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Summer is the season for beaches, barbecues – and breakdowns. Even though summer means fun, the hotter months have a way of wreaking havoc on your vehicle.

Extreme weather can cause potholes and damage tires, while residue leftover from winter corrodes the components that make your vehicle work. And, with the additional road trip traffic, it’s probably not a surprise that July and August are two of the most fatal months for traffic accidents, according to the National Highway Traffic Safety Administration.

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From small steps such as cleaning the floor mats to bigger ones that require you to pop the hood, there are several ways you can make your ride safer and more comfortable, too. Here are our top tips for keeping your car cool and running this summer.

1) Keep it clean

A long, wet winter can stress your car.  Do a full audit, inside and out, looking for potential rust spots on the undercarriage and body. Rust in these spots can indicate a problem with the brake lines or fender wells.

“Although today’s vehicles feature a number of measures to prevent rust, it’s a good idea to stay on top of problem areas and to pay attention to the way the vehicle is handling when you’re driving,” says Nick Cappa communications manager of FCA’s Ram Trucks brand.

Review wiper blades, seals and other rubber components for winter wear and tear. Replace them if needed, and make sure you wash off any road salt or other residue before it has a chance to corrode.  Don’t ignore the inside, either. Washing the floor mats is especially important if you live in a snowy state: road salt you track in could corrode the floor boards. When you do wash your car, do it in the shade to prevent hard water spots. A coat of wax every three months helps protect the paint, too.

2) Check the tires

Summer weather makes the air inside your tires expand, putting them at greater risk for a blowout. Avoid over- or underinflating your tires by checking the pressure regularly. Adjust the pressure according to the specifications listed on the sticker on the driver’s side door jamb.

“A lot of people mistakenly think that the correct inflation pressure is on the tire’s sidewall, but that’s not right,” says Jamie Bullis, lead technician at Firestone Complete Auto Care in Minnetonka, Minn. “What’s listed on the sidewall is the maximum inflation pressure.”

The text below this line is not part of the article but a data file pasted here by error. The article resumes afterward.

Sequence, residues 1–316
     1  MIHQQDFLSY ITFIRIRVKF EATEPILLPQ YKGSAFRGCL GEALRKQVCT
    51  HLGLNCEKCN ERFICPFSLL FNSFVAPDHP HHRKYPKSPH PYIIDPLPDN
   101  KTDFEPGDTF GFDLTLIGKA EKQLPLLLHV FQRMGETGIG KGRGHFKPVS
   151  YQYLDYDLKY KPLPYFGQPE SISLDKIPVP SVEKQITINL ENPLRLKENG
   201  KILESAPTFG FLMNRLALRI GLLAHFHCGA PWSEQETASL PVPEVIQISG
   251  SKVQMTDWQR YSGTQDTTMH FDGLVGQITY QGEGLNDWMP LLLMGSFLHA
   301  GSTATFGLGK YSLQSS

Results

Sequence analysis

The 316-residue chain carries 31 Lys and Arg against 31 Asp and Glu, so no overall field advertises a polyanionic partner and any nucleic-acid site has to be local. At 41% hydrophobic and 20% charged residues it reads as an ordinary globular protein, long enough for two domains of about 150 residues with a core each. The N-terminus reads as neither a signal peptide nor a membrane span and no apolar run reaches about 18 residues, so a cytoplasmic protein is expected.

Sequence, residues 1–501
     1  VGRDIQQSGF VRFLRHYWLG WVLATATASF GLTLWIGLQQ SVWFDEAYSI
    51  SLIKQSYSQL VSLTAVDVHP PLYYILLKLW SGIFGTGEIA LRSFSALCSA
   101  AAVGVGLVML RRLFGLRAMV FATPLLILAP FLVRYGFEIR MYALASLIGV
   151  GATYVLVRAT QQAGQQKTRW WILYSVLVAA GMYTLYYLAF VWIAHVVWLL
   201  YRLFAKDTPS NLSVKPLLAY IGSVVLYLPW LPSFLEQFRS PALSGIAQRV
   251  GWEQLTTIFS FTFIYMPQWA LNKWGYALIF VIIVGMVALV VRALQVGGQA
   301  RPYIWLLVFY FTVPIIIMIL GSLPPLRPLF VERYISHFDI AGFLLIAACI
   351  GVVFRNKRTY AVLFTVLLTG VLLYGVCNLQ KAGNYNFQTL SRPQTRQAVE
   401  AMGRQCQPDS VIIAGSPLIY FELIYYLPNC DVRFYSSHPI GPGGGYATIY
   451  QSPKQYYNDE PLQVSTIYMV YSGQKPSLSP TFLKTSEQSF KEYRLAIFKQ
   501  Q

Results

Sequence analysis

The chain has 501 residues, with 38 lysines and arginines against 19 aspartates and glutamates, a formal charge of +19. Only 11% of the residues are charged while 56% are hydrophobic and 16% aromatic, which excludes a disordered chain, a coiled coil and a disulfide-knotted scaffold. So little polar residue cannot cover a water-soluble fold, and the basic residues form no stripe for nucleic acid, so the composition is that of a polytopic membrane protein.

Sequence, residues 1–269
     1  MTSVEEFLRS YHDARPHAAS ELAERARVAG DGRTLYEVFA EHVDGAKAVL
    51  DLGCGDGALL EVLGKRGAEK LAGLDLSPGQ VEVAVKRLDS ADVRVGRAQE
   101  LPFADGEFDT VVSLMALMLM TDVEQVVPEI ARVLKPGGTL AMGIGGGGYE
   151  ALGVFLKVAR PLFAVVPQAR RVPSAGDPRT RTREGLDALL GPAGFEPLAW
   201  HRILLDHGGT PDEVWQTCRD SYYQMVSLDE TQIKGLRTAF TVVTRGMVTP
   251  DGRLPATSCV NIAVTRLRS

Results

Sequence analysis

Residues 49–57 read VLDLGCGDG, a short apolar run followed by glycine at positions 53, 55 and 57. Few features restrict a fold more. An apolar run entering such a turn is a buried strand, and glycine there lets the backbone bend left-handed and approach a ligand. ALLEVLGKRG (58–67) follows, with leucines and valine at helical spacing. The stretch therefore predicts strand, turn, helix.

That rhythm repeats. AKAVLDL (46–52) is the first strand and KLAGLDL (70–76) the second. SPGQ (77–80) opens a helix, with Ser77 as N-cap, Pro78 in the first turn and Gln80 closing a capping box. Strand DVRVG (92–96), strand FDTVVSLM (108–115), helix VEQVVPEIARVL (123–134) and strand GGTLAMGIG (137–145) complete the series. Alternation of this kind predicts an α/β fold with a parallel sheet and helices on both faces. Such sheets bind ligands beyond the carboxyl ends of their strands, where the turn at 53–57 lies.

Tread matters, too. Check the tread by putting a penny into the tire’s grooves with the Lincoln’s head upside down and facing you. If you can see Lincoln’s head, it’s time for new tires. Remember to check the pressure and tread of your spare tire as well, so that you won’t be stranded on the side of the road while everyone else is heading to the beach.

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3) Look under the hood

Spending 15 minutes every month under the hood of your vehicle may prevent 70 percent of problems that lead to highway breakdowns, according to Deanna Sclar, author of Auto Repair for Dummies.

Squeeze hoses to test for cracks and check for frayed belts that could indicate leaks. Check the battery, as higher temperatures can take a toll.

Don’t forget to monitor your vehicle’s fluid levels, as well. The big five – oil, coolant, transmission, power steering and brake – keep your car running. Low fluid levels could indicate a hose leak or a larger problem. Beware especially of low brake fluid. AAA found that 88 percent of repair shops say drivers skip their brake fluid maintenance.

4) Mind the suspension

Cold winters mean potholes, dips, and bumps come summer. That’s bad news for your suspension. “If a pothole is big enough to eat a tire, there could be additional damage to the suspension,” Cappa says. “A misaligned steering wheel is a sure sign of potential damage or need for adjustment.”

Replacing worn shocks, springs, and joints will make the steering more alert, causing the wheel to react directly and predictably so that you can have more control. A rule of thumb: if you turn the wheel and get little response until it’s at a 30-degree angle it’s time for a tune up.

“As soon as your suspension components start to wear out, your steering feel is going to get sloppy,” says Joe Bacal, a pro driver for Toyota.

AAA recommends checking the shocks by pushing down on each corner of the car after it has been driven. You’ll know the shocks are working properly if the car returns to a stable position after one bounce.

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5) Stay cool

Keep air conditioning at a low, steady level instead of blasting it for short periods of time and then turning it off. Using the AC efficiently improves fuel economy and keeps your car in top shape.

You should stay hydrated, too. Thirst can affect your ability to drive a prolonged, monotonous course (like a road trip) in the same way as a blood alcohol content of .08 or a lousy night’s sleep, according to researchers from Loughborough University in Leicestershire, U.K. In a recent study, subjects who didn’t drink any beverages for 10 hours made about twice as many mistakes, such as lane drifting and late breaking, during a two-hour drive simulation.

“Drinking enough water is a big piece of the driver equation,” says Brock Christopher of Porsche’s Human Experience Center. He recommends taking four to six gulps of water every 10 to 15 minutes during long drives.